More confusion has unveiled following the government's new Christmas COVID measures. Tom Bromwich reflects on their decisions and failed communication strategy.

Politics is like marketing: The clearer the message, the more likely the sale. However, with COVID, the politics surrounding Lockdown 2.0 has resulted in sheer ridicule of the government's approach. As we descend from the second COVID spike and head towards Christmas and 2021, the water has been further muddied by a cacophony of government information and patronising guidelines which have brought out my own libertarian streaks from an otherwise conforming conservative cocoon.

Whilst I believe the government has the country's best possible health and economic interests at heart, I find it exasperating that with every new restriction comes a succeeding torrent of public confusion increasingly chipping away at the government's credibility and reputation.

I was recently reflecting on March and April 2020 and the immeasurable sense of national unity. The message was clear: Stay at Home, Save Lives, Protect the NHS. It was a mantra that we adopted and adhered to. Why? Because it was clear and concise with fine-print confined to the cases which demanded it (basic food/medicine shopping, one daily form of exercise, going to work only when work was impossible from home).

However, by May this cast-iron plan was unnecessarily weakened and the floodgates of subjectivity were opened for exploitation by the public. The phrase 'Stay Alert', and the updated guidelines on 'working from home if possible but otherwise going to work' prompted the red flag of communications breaking down to fly, given the nuance involved in the latter and the complete abstract nature of the former.

The government has reached a new level of communicative incompetence, characterised by spurious half-baked populism, intrusive blunders, and absolute statements. I begin with the announcement that hospitality venues will reopen to serve a parched public once more? providing that they also have a scotch egg with salad and pickle. I cannot believe that this mouth-watering, yet dystopian plan does anything but invite ridicule. A Cornish pasty is prohibited unless served with chips or a salad, and pubs and bars run the risk of being forced to close should they disobey this regulation. There is unavoidable flexibility in terms of public interpretation, opening up the main problem: Subjectivity.

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When large-scale absolute policies like we saw in Wales and the ban on purchasing 'essential goods' are implemented, then the government has failed at crisis-management. What is essential to one is not for another. It is like comparing Waitrose's Essentials range (which includes Cypriot Halloumi, Set Honey, and Ardennes Pâté) to what I deem essential: bread, milk, vegetables, etc. That is not to say that the whole country should adopt my standards, but that is precisely my point: The government should not encourage supermarkets to literally blockade clothing and greetings cards (deemed non-essential) but rule on what is essential. 3 pairs of my trousers have experienced ripping (in areas where it cannot be passed off as a fashion statement), however I cannot buy what I deem to be an essential product.

We also received Christmas guidance from the government's scientific advisory committee, Sage. Now, parking the fact that Sage relied on Wikipedia to gather intelligence on COVID-19 and its transmission, they are producing ludicrous guidelines on what will be happening behind everyone's living room doors on Christmas Day. They advise against board games and promote social distancing within the house. If someone with coronavirus is in my living room, the virus isn't going to wait for me to crack open Trivial Pursuit to spread. Government advice on not pulling crackers, or playing games, or singing songs, will not prevent transmission when families are packed in together: It is what it is. These unnecessary points create confusion, and when guidance pops up like afterthoughts and determines what occurs in my own house, that is where the public trust turns to public trauma.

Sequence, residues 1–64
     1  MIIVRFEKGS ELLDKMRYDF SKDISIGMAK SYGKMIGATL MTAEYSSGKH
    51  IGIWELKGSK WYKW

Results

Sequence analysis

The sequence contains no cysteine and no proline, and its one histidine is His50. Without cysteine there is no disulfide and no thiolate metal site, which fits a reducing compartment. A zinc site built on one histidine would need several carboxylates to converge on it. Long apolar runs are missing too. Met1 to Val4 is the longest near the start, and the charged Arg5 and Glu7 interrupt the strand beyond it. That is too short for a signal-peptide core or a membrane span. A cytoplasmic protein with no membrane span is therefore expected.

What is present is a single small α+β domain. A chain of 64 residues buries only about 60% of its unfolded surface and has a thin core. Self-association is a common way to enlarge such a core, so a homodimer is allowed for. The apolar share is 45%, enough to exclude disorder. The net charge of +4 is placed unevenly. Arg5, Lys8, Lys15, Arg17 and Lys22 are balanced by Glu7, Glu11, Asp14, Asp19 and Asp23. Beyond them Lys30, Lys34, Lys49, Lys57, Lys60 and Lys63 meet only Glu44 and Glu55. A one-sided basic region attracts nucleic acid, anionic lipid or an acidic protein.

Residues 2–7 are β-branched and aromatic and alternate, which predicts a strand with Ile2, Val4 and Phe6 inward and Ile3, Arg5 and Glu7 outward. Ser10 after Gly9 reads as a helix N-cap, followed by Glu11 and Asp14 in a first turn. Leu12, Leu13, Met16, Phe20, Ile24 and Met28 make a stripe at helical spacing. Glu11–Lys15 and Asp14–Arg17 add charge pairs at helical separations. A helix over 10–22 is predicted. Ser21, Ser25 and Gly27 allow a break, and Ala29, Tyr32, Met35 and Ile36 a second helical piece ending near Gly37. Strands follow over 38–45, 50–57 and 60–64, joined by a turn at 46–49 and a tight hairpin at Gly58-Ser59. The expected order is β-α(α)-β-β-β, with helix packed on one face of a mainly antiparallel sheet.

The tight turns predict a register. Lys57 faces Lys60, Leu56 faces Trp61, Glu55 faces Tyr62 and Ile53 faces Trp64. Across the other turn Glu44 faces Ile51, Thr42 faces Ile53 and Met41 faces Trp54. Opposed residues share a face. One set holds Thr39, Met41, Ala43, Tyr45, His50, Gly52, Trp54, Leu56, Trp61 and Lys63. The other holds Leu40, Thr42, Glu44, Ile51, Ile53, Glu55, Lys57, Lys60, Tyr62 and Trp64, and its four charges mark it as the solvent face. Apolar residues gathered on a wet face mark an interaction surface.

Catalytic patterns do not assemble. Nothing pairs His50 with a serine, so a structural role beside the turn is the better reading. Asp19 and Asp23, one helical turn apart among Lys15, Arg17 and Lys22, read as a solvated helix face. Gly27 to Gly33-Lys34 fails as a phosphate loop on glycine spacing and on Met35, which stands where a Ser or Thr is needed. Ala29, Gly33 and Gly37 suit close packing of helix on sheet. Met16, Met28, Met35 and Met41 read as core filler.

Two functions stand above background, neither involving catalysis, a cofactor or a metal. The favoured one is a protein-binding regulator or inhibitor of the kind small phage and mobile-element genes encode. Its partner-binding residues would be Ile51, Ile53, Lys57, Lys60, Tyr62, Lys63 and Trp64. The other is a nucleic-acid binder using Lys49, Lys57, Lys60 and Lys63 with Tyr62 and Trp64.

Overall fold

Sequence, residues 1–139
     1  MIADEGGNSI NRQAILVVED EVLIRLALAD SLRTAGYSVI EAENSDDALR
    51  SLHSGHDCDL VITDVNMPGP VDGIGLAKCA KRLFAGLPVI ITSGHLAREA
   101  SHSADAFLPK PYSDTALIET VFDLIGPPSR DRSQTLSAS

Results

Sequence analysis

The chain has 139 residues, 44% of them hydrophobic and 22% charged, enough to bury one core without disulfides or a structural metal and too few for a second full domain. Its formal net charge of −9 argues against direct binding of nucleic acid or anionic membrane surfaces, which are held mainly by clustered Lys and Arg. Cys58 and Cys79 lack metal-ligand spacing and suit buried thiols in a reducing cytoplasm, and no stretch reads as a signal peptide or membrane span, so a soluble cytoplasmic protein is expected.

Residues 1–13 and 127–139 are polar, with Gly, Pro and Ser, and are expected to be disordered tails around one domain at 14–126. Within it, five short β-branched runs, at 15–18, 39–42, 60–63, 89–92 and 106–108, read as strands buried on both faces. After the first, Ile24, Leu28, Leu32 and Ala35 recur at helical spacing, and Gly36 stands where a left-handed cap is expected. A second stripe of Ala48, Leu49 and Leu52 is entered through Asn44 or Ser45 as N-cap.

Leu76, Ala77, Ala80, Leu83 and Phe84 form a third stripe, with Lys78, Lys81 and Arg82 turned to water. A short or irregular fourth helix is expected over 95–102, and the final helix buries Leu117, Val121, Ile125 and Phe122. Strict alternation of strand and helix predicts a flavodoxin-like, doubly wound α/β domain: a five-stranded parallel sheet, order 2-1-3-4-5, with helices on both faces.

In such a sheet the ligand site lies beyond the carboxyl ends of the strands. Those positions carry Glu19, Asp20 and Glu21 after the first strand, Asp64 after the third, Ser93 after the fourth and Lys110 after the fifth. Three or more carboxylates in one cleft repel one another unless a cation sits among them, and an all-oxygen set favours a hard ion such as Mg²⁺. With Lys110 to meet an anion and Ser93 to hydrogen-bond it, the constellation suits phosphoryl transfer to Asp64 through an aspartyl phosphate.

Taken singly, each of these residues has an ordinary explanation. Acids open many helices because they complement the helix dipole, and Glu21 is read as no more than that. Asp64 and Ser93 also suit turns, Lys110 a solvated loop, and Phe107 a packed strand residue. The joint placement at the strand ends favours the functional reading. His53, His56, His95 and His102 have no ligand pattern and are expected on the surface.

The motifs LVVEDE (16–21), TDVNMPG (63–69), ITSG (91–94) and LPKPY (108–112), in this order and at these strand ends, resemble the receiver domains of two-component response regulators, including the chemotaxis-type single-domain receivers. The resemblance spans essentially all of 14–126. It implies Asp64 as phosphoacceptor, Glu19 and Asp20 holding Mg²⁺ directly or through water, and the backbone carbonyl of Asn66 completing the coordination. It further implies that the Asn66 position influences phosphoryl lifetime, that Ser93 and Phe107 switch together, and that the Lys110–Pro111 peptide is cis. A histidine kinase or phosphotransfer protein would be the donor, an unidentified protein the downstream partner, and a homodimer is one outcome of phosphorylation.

No government would want this task, and Boris Johnson's government has done a good job in areas: Extending furlough, providing relief packages for the aviation and infrastructure industries. However, the devil lies in the detail of what is being communicated. In this regard, since May, the approach has been terrible. It seems as though the government is more determined to push the fact that it "backs the Great British local pub" and will "save Christmas" rather than examine COVID's impact on the entertainment industry, including theatres, cinemas, stadiums.

I shan't focus on what should be open or closed, but I believe the government is pandering to an audience which is happier to have a pint than keep actors, dancers, sportspeople in employment. Social distancing is possible in both. It just seems the government has leapt on the chance to notch a few more polling percentage points using the social popularity of pubs at the expense of hanging certain industries out to dry. This inauthentic 'pint'-sized populism has done nothing but invite scepticism over the government's response.

Communication cannot be improved at this point. The government's proclamations regarding Christmas and tier-level restrictions has triggered itself to become tied up with a lexicon of subjectivism caused by ridiculous absolute policies. It has failed to measure the pulse of the nation effectively to benefit most industries, and has eroded the trust that many in the country vested in it.

Simply put, the government has dug itself a trench with scotch eggs and board games.

14 votes

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